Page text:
Patriots defense sticks with its bid for complete game
FOXBOROUGH — The film session for the Patriots defense could not have been pleasant yesterday.
A 38-30 victory over the Bills Sunday only generated more questions about a defense that allowed 381 yards of total offense. Buffalo felt so good about quarterback Ryan Fitzpatrick’s performance (22 of 28, 247 yards, 2 touchdowns, 2 interceptions) it released former starter Trent Edwards yesterday.
According to Patriots linebacker Tully Banta-Cain, the game tape showed everyone that the defense “could be a lot better.’’
“Obviously, no one’s happy about giving up 30 points,’’ Banta-Cain said. “But I still think there’s a lot of room for improvement. It is not anything where we’re going to panic.
“I just think we’re not playing complete team defense. You’ve got flashes of guys playing well in certain departments. The D-line sometimes plays well, the linebackers, the secondary, but we’re not consistently doing it at the same time. I think once we put together a complementary game in all those departments, you’ll see a good defense.’’
The Patriots face another stiff division test Monday night when they play at Miami. The Dolphins, who held their own in Sunday night’s loss to the Jets, have a wealth of offensive firepower and will test a New England team that has given up, in succession, 24, 28, and 30 points.
Miami’s top weapons on offense include receiver Brandon Marshall (10 catches, 166 yards vs. the Jets) and the formidable tailback duo of Ricky Williams and Ronnie Brown, the latter of whom excels in the Wildcat.
But Patriots coach Bill Belichick didn’t single out his defense yesterday as needing the most work. When asked specifically about the unit’s production, he said everything could be better.
“That’s certainly one thing we saw watching the film,’’ Belichick said. “There is plenty of room for improvement. It was a good win, a division win, but I don’t think it was our best game. I don’t think it was a perfect game. We’ve got a long way to go, but we’re doing a lot of good things. We’ve just got to try to work harder, be more consistent, and do more of them. And that’s in every phase of the game: run, pass, kick, return, you name it.’’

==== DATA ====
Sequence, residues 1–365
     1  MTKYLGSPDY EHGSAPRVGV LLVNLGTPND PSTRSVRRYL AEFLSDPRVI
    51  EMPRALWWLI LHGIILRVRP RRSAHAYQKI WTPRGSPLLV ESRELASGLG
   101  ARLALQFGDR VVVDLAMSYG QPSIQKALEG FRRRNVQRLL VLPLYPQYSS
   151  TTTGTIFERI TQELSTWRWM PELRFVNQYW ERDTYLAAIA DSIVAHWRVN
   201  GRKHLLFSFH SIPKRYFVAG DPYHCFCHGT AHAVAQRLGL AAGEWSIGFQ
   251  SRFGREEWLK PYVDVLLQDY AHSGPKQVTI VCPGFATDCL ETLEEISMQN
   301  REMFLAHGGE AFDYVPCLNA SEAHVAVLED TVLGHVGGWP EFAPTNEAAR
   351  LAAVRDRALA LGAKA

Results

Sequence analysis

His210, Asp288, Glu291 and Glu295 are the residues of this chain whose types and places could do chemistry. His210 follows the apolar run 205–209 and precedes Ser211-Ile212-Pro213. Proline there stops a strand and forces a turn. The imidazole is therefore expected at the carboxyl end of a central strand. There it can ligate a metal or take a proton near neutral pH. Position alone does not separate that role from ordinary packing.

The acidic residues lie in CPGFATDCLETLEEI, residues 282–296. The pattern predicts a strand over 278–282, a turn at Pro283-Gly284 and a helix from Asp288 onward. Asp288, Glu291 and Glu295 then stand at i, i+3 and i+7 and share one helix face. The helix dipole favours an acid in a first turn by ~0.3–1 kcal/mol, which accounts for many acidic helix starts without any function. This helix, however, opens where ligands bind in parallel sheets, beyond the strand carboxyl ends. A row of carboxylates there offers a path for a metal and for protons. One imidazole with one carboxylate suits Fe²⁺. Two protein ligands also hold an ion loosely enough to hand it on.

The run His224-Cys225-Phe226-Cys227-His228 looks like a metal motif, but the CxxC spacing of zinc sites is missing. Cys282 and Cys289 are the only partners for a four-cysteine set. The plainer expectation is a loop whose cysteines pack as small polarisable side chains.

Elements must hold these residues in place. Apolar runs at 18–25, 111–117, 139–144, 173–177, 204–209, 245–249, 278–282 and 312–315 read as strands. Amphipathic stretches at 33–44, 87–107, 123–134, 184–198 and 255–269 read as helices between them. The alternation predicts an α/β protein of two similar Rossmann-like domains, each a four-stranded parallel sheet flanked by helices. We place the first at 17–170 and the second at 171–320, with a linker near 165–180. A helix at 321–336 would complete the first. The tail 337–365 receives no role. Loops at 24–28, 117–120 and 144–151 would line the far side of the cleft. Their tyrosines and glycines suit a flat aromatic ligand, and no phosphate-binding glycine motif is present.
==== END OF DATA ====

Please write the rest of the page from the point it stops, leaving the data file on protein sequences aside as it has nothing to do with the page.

The Patriots have changed up the starting lineup recently, perhaps in search of a spark. Safety Brandon Meriweather didn’t start against the Jets or the Bills. Banta-Cain and cornerback Darius Butler watched the first series against Buffalo from the sideline. Belichick said there are various ways to make a point to a player, but ultimately the starting decisions come down to matchups.
“The players’ roles in the game change from game to game,’’ Belichick said. “We talk to them individually, collectively, however we do it, we talk to the player about their role in the game. Do I sit down and have a meeting with every single player on the team about his role in the game? No. Do I talk to players during the course of the week? Yes, but I don’t have 50 meetings every week. But each player has a role. Each player has certain specific jobs that we feel are real important for him this particular week and that is identified early in the week.
“It’s reinforced later in the week and heading into the game. Depending on how the game goes, that either becomes greater or sometimes lesser of a priority. Sometimes things are different in the game than what you planned for. Sometimes they’re not. There’re usually some elements that carry over, but each game has its own dynamics and you have to sometimes adjust to that.’’
Banta-Cain said he didn’t know why he didn’t start Sunday. Rookie Jermaine Cunningham and Rob Ninkovich got the start at outside linebacker, while Kyle Arrington started in place of Butler.
Banta-Cain may not have been expecting it, but how he responds is more important to him.
“I was surprised by it, but I knew I was still in the game plan,’’ he said. “I played a substantial amount of snaps. I just do my job. Whatever they ask me to do, I do it.’’
Albert R. Breer of the Globe staff contributed to this report. Monique Walker can be reached at firstname.lastname@example.org.